Billl Buckner's d'oh moment.
Billl Buckner’s d’oh moment.

Look, Elliotte Friedman has been a solid reporter for more than two decades and oft has served as the voice of reason when natterbugs Glenn Healy and P.J. Stock were speaking no known language on Hockey Night in Canada.

Does his Olympics gaffe undo a lifetime of quality work? No. But this might stick to him like infamy has stuck to Bill Buckner. Few remember that Buckner had 2,715 base hits and batted .300 or better seven times during his lengthy Major League Baseball career. For Buckner, it always comes back to a baseball dribbling through his legs in the 10th inning of Game 6 of the 1986 World Series.

Hopefully, Friedman will be more fortunate than Buckner and his gaffe won’t become his Mary’s Little Lamb. Whatever the case, the next time one of the flowers of Canadian jock journalism has the urge to cut an athlete a new butthole, I hope he/she remembers how they cut Friedman large slack.

Patti Dawn Swansson has been writing about Winnipeg sports for 45 years, longer than any living being. Do not, however, assume that to mean she harbors a wealth of sports knowledge or that she’s a jock journalist of award-winning loft. It simply means she is old and comfortable at a keyboard (although arthritic fingers sometimes make typing a bit of a chore) and she apparently doesn’t know when to quit. Or she can’t quit.
She is most proud of her Q Award, presented in 2012 for her scribblings about the LGBT community in Victoria, B.C., and her induction into the Manitoba Sportswriters & Sportscasters Association Media Roll of Honour in 2015.

 

Michael Sam: There are no gay voices in Canadian sports journalism (print division) to tell the story about a gay football player

And, now, a word about Michael Sam from all the gay sports writers at major daily newspapers in Canada…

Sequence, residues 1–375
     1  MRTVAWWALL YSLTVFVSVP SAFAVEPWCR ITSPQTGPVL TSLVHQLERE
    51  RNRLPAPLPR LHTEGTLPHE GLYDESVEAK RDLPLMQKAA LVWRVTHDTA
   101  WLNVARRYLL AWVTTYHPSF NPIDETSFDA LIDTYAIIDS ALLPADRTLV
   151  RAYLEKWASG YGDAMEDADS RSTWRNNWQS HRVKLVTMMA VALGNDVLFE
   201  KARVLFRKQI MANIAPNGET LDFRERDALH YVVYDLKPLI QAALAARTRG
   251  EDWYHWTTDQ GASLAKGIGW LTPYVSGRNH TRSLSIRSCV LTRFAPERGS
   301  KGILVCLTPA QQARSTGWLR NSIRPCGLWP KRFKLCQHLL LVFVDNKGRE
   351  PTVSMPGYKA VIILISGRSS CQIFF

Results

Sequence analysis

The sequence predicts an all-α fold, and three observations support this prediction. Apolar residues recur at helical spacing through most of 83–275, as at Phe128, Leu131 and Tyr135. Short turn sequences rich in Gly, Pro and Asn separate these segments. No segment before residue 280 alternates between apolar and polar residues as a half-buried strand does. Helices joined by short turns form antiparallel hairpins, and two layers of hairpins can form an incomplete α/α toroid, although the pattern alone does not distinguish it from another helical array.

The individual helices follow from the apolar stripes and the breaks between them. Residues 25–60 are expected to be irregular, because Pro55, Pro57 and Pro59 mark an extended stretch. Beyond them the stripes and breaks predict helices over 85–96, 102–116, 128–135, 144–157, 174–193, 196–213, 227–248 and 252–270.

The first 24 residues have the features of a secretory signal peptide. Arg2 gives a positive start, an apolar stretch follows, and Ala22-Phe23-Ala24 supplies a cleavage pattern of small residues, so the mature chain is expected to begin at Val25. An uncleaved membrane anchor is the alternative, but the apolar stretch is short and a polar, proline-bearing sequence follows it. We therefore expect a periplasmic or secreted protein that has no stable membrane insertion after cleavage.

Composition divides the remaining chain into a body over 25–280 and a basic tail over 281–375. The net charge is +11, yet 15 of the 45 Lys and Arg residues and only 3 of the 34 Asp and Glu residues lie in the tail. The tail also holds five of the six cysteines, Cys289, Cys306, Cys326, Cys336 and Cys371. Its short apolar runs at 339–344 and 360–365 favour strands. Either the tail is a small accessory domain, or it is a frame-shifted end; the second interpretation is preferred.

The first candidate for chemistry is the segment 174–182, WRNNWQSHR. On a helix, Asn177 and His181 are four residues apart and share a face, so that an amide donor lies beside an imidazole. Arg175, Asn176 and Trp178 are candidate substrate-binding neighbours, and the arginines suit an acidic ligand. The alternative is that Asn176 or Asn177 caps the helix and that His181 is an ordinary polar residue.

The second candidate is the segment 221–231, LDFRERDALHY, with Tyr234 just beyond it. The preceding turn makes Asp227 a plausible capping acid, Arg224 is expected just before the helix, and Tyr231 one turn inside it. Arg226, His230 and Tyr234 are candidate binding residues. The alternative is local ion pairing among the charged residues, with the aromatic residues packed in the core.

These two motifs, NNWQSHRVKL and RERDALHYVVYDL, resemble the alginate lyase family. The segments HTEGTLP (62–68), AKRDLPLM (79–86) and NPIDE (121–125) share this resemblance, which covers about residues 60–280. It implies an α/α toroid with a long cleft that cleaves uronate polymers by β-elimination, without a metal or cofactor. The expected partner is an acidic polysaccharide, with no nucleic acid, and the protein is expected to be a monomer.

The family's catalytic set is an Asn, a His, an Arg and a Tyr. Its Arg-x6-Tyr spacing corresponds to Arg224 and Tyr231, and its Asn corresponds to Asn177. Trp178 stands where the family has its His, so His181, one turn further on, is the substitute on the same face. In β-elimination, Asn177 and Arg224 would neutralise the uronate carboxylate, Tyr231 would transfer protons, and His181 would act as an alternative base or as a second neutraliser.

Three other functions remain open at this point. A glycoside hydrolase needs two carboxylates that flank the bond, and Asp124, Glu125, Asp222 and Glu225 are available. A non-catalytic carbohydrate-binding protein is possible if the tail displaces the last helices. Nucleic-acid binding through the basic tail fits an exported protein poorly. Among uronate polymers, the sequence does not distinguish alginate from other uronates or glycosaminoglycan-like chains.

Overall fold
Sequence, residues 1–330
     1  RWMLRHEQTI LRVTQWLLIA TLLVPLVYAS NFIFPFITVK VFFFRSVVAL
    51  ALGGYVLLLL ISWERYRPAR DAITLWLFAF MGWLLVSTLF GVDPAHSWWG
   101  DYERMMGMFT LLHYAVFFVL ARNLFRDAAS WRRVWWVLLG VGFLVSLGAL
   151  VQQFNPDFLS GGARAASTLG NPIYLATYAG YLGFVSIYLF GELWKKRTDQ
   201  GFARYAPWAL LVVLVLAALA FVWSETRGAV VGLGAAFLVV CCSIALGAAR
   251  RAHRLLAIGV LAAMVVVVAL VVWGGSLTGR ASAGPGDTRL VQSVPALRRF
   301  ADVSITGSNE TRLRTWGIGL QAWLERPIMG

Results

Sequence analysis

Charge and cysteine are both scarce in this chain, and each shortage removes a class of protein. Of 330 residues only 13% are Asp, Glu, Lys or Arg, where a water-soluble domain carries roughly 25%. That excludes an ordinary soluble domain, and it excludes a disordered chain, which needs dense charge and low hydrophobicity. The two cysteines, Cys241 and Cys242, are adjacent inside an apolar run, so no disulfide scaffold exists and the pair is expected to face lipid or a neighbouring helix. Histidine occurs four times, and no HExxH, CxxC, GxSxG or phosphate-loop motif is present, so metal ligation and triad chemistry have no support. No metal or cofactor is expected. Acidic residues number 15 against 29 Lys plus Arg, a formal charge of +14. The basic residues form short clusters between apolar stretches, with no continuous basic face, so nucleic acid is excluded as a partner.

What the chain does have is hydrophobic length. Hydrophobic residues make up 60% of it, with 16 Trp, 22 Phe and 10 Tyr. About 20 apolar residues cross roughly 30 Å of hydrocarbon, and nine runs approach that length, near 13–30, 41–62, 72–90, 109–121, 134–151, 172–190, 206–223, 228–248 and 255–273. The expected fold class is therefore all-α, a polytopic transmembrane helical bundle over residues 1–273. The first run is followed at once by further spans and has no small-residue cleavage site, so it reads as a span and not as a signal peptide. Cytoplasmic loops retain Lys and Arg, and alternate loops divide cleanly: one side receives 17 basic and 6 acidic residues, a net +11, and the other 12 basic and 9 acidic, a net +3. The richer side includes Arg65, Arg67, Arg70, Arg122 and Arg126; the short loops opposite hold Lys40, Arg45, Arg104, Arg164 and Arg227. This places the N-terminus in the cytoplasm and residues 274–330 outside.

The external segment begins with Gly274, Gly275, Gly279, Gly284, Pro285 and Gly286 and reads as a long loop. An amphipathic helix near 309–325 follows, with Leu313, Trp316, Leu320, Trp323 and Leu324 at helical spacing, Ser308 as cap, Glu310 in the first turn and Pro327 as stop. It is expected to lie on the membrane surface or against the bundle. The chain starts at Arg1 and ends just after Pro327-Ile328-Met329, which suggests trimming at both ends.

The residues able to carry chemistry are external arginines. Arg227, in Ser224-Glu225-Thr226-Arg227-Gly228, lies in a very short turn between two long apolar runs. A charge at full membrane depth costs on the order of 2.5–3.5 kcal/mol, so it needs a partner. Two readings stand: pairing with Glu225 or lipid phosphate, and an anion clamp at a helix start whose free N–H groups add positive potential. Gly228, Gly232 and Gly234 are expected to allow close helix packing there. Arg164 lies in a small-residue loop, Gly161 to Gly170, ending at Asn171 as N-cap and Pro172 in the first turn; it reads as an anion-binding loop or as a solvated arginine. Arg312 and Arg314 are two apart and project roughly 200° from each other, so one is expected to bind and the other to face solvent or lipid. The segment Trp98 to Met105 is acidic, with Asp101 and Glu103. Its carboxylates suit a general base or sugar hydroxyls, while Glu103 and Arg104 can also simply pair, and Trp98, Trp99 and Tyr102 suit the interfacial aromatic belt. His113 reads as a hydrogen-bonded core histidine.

Oh. Wait. There are no gay sports writers at the major dailies in Canada.

patti dawn swansson
patti dawn swansson

At least, there are none that I know of.

So, everything that you have read, or will read, about Michael Sam potentially performing in the Canadian Football League comes from the perspective of white heterosexual males, or, in much smaller numbers, white heterosexual females.

Some of them will care that Sam is gay, only because it gives them a fresh angle to scribble about once the large lads commence to grabbing grass and growling at the Montreal Alouettes training camp this month and next. He’ll make for juicy copy. Others will care because of the social significance of an openly gay man participating in the most macho of professional team sports. Still others will care because they are homophobic (if you believe there aren’t homophobes among the flowers of print jock journalists, I’ve got some oceanfront property in Winnipeg that I’d like to sell you).

Nary a word, however, will be written by a man or woman who actually understands what it’s like to be gay.

I maintain that one need not be gay to write about gay issues, any more than one need be an accomplished actor to opine about the merits of George Clooney’s latest work, or a priest to discuss the pros and cons of the 10 commandments.

It helps, though.